Government chemist team is praised for pioneering DNA allergen work by Professor Guy Poppy, Chief Scientific Advisor at the Food Standards Agency
Supporting the Food Standards Agency
The pioneering work carried out by molecular biologists Malcolm Burns and Gavin Nixon in the Government Chemist programme in LGC was highlighted in the fifth report by the Food Standards Agency’s Chief Scientific Advisor, Professor Guy Poppy, on Food Allergy and Intolerance. The work involved the development of new DNA tests for mahaleb and the common members of the Prunus species to help resolve two high profile referee cases.
In January 2015, the FSA were made aware of an issue with the presence of undeclared nuts in cumin based products. Samples of ground cumin and cumin seed were collected from across the UK and market intelligence was used to focus on imports from particular countries and types of retailers. The main test used for allergens (ELISA) showed that proteins from almonds were present in samples. However, the manufacturer could not identify how almond could have contaminated the cumin and suspicion then fell on a spice called mahaleb, which was ground on the same equipment as the cumin. The mahaleb (Prunus mahaleb) is from a closely related species to almond (Prunus dulcis) and therefore has very similar proteins. ELISA tests were unable to distinguish between them.
The Government Chemist team developed pioneering new DNA tests for the cumin case and for a related paprika case. The cases were resolved using the new methods alongside protein mass spectrometry and reappraisal of the original ELISA tests that had been carried out by other laboratories.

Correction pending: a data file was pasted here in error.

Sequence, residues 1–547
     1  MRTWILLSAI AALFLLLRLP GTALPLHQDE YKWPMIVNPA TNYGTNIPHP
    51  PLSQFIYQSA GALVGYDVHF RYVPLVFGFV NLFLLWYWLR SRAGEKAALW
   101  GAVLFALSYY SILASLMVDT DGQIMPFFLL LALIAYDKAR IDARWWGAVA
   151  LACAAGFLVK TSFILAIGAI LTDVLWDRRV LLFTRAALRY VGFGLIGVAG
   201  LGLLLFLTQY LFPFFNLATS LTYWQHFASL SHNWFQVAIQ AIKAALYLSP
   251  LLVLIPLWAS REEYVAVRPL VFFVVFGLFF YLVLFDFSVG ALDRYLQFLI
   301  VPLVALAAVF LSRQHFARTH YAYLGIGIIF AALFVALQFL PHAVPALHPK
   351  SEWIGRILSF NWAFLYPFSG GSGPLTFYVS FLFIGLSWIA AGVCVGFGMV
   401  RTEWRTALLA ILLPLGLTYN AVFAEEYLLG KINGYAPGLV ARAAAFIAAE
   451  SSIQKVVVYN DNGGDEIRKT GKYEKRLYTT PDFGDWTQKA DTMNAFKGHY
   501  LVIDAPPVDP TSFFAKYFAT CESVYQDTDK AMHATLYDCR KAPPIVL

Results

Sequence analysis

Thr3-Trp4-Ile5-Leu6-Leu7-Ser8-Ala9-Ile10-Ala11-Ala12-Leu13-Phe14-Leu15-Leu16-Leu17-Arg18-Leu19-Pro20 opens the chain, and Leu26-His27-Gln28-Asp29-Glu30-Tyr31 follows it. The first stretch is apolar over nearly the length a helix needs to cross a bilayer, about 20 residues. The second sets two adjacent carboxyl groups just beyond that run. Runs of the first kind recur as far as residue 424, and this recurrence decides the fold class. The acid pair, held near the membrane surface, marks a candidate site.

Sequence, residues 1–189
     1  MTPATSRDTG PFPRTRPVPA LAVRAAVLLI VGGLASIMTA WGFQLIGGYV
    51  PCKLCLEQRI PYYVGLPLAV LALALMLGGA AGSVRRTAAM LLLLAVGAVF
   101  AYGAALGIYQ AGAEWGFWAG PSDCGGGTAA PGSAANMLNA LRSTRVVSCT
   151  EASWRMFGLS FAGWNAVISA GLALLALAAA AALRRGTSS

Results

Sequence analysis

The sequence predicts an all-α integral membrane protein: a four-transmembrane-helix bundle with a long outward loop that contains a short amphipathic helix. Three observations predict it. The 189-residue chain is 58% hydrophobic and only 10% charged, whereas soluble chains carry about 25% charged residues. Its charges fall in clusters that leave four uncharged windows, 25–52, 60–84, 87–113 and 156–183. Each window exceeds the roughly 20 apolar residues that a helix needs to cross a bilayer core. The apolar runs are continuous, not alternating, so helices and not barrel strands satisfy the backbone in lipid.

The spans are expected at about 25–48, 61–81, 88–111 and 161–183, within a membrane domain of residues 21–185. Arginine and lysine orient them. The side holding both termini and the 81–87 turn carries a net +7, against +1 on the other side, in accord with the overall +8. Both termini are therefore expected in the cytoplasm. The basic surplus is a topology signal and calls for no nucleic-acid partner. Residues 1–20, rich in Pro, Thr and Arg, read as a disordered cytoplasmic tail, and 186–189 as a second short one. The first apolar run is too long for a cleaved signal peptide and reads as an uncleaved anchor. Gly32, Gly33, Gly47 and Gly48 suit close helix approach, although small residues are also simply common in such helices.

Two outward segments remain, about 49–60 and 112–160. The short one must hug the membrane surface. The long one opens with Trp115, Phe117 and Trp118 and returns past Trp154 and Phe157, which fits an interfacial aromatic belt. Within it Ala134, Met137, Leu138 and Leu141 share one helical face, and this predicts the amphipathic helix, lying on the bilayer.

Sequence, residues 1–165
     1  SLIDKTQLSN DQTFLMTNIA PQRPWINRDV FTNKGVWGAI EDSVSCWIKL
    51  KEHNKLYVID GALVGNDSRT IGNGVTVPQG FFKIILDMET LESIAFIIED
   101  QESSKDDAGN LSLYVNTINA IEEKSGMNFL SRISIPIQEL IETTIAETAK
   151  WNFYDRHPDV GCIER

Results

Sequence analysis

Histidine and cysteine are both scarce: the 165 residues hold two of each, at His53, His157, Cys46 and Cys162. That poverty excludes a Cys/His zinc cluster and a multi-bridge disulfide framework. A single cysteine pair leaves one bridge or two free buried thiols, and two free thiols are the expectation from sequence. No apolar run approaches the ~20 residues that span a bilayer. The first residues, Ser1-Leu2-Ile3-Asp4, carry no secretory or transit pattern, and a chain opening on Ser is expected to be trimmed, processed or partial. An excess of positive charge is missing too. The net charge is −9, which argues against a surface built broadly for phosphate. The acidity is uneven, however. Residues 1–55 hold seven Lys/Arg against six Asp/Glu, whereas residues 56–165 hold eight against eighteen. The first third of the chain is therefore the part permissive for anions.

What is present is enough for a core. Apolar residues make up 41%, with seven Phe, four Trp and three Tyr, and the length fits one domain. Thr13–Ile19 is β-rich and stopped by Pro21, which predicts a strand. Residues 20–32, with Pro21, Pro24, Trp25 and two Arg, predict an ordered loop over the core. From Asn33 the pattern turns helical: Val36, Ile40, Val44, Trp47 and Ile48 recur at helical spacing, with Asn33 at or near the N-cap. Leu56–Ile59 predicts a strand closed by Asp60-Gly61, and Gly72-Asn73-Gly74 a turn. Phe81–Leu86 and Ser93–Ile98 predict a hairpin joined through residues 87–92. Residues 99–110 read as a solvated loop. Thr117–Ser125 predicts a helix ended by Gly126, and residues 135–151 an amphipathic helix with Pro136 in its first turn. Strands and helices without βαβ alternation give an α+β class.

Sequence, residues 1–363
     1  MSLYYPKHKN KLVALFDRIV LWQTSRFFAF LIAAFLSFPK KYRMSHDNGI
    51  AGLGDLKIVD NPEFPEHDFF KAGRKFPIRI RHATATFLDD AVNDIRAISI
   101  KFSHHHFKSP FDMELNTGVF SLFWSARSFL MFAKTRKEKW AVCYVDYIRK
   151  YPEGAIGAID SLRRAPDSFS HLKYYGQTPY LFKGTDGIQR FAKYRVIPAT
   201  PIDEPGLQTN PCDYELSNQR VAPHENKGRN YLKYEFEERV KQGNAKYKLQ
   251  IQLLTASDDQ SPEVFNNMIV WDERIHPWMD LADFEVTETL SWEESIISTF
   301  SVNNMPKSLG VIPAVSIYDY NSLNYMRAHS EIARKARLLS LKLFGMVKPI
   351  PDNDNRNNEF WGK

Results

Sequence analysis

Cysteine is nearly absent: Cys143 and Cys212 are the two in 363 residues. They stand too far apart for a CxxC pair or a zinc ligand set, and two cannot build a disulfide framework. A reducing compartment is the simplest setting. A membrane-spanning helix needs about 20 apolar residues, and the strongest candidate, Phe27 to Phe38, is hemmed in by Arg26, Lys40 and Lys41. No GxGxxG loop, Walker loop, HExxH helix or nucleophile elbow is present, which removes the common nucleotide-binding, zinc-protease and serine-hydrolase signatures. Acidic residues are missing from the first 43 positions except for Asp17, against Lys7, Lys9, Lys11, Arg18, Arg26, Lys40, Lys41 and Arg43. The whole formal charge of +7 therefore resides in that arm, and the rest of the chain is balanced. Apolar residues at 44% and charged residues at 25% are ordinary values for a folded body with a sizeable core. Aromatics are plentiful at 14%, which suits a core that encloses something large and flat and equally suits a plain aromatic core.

Malcolm Burns, Principal Scientist for Food Authenticity testing, stated:
The inclusion of our work in the Food Allergy and Intolerance report demonstrates the significant role the Government Chemist programme plays in protecting the food chain on behalf of consumers. The report highlights the pivotal role that enhanced DNA approaches play in successful allergen identification and highlights the critical need for improved allergen detection methods to support monitoring, surveillance and enforcement.
The Chief Scientific Advisor’s report on Food Allergy and Intolerance is a highly informative overview of FSA’s work on these topics.
For further information on this work see our recent open access publications:
- Burns M et al, Development of a Real-Time PCR Approach for the Specific Detection of Prunus mahaleb, Food and Nutrition Sciences (2016) 7:703-710, doi:10.4236/fns.2016.78071
- Nixon G et al, Novel Approach to the Rapid Differentiation of Common Prunus Allergen Species by PCR Product Melt Analysis, Food and Nutrition Sciences (2016) 7:920-926, doi:10.4236/fns.2016.710091
Contact the Government Chemist for more information.